The Riverside County, Calif., District Attorney is reviewing a classroom incident that led a man to get a temporary restraining order against a 4th-grader who allegedly threatened his son with a knife.
The boy and the school district were officially served with the order Tuesday, said the father, Robert Casteel.
Capt. Danny Feltenberg of the Jurupa Valley, Calif., sheriff’s station, confirmed that a Riverside County court judge had agreed to Casteel’s request to order the boy — whose name has not been released — to keep at least 20 feet away from Casteel’s son, Christopher, 10.
Casteel, a 33-year-old nurse’s assistant living in Mira Loma, Calif., said Christopher told him Jan. 11 the other boy pulled a knife that morning in class and said he would “get you after school.”
“My son was terrified to go to school,” said Casteel. “I kept him home from school five days until I got the temporary restraining order.”
Feltenberg said he had never seen a restraining order against someone this young and involving school grounds, complicating enforcement and the legal issues involved.
A judge will review the case Feb. 8 and decide whether to make the restraining order permanent or rescind it.
The Jurupa Valley sheriff’s station’s investigation of the incident elicited conflicting stories, Feltenberg said.
“One side said the boy threatened Christopher, the other side said he didn’t, and there are witnesses on both sides,” he said.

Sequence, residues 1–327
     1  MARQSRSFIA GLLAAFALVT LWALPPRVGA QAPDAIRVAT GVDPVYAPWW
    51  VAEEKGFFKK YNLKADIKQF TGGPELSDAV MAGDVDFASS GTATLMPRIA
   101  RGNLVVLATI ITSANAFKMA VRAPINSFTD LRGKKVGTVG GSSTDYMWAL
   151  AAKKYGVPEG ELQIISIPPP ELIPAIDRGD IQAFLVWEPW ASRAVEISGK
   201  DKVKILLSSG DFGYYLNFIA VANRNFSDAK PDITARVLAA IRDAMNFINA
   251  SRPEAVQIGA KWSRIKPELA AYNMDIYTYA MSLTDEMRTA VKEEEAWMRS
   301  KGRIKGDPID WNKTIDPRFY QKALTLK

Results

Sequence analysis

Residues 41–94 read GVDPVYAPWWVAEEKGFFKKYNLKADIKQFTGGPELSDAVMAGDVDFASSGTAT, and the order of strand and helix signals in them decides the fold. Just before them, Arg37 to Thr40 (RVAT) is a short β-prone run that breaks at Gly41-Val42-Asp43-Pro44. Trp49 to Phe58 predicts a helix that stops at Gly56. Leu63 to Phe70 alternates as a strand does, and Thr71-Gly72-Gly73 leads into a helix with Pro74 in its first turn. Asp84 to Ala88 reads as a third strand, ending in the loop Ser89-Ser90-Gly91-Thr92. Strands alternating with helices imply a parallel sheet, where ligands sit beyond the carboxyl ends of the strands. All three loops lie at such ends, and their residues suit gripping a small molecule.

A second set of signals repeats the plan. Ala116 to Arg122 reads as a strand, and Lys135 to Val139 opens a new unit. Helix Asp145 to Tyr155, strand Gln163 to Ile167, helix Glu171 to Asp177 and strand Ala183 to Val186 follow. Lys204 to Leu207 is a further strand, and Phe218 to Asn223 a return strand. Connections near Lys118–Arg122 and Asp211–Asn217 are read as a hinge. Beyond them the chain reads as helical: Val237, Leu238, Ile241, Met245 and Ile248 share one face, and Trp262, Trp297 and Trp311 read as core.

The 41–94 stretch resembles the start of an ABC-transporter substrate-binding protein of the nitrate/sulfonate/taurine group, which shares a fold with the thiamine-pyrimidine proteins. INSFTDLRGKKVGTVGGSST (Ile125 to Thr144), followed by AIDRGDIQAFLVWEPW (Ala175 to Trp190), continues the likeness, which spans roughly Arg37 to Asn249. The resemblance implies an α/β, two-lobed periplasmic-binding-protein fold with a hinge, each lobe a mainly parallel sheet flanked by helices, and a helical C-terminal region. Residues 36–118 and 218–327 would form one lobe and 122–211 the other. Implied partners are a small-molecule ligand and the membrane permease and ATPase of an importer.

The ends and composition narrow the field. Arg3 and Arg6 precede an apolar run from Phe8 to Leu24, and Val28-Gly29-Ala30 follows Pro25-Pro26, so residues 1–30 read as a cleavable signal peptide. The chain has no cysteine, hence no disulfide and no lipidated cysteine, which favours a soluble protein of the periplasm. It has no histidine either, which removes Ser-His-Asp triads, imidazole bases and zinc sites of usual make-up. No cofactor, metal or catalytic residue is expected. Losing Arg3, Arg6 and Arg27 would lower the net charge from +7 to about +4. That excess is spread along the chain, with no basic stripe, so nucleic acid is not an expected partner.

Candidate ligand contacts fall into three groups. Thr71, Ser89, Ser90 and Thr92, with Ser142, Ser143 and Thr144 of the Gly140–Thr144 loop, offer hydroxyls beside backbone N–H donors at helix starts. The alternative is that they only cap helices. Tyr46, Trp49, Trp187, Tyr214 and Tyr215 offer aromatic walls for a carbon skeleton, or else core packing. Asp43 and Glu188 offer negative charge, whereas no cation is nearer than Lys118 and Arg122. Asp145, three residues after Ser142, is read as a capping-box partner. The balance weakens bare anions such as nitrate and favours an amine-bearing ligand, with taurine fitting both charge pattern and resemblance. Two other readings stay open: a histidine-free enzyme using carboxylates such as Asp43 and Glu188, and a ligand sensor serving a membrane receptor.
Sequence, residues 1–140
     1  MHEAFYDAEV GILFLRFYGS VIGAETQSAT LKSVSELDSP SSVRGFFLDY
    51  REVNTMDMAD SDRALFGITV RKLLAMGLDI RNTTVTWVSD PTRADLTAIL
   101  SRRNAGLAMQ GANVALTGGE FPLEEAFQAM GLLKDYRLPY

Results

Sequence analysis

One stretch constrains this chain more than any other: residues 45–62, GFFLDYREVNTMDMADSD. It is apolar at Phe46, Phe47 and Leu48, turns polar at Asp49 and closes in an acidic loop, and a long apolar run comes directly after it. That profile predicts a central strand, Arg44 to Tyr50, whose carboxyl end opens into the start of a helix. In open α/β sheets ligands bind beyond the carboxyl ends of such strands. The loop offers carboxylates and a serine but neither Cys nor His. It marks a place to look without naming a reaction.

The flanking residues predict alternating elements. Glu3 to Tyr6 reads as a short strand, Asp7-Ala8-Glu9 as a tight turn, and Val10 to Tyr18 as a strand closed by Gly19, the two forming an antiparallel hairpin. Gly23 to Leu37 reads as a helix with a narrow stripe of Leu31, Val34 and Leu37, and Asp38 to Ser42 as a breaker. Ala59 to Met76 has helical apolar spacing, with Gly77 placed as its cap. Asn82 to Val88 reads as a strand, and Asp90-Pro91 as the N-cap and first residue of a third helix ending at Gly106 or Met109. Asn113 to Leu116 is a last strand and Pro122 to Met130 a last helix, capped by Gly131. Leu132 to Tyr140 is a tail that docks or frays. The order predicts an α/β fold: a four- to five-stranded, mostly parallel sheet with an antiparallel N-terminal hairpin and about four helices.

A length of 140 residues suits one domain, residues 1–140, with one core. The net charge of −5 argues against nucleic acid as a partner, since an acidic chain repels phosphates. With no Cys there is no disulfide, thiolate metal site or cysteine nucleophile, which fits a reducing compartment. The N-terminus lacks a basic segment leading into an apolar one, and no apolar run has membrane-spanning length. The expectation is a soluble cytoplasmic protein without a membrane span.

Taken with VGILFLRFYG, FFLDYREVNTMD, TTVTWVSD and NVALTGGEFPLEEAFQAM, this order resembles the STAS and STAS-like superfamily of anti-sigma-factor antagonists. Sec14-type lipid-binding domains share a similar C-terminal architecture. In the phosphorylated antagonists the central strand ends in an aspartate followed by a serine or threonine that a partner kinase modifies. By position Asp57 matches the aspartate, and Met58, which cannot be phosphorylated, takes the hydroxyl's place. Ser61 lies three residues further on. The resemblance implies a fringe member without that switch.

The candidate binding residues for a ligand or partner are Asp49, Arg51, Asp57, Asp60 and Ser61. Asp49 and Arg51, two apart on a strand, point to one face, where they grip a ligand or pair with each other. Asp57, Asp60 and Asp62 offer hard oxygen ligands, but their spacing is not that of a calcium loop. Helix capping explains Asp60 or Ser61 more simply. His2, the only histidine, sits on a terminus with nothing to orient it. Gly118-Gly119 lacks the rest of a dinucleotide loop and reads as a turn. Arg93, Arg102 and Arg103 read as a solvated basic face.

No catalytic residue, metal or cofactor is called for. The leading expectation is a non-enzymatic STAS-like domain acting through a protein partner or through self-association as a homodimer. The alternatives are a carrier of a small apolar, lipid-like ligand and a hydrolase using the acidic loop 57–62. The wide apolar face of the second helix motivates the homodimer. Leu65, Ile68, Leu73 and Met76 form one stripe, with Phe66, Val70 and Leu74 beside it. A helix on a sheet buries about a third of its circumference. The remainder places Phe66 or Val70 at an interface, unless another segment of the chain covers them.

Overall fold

Casteel said Christopher reported the incident to his teacher, whose response was minimal. When Casteel called the principal after Christopher got home, the principal said she was on a conference call, he said. He called the cops, who located the boy and confiscated a small pocket knife from him, he said.
The boy was suspended for five days, Casteel said.
Bringing a knife to school is illegal, so the district attorney could decide to initiate juvenile legal proceedings against the boy, Feltenberg said.
Tamara Elzig, assistant superintendent for personnel of Jurupa Unified School District, would not comment on the incident or whether the boy had been suspended, citing confidentiality.
She said the situation was a first: “We’ve never dealt with this before in our district.”
“We’re preparing to deal with it,” she said. “We don’t have enforcement authority, so we would be cooperating with the courts and law enforcement to make sure we’re handling it properly.”
“Our district places the highest priority on student safety. We have thoroughly investigated this incident and have taken appropriate action. As far as we’re concerned, the matter is resolved,” she said.
Casteel was “shocked” by the idea he might be setting a precedent, given how prominent bullying and weapons in schools have become.
Casteel said he was told the boy who allegedly threatened his son was being withdrawn from school by his mother.
Casteel didn’t want the boy to be imprisoned, but, rather, to get help. Casteel’s main problem was with the school and district’s handling of the incident, which he characterized as “boys will be boys.” He called the suspension a “slap on the wrist.”
“I’m just trying to keep my kid safe,” he said, pointing out that five days after the incident, a 10-year-old was accused of stabbing a 12-year-old to death in San Diego.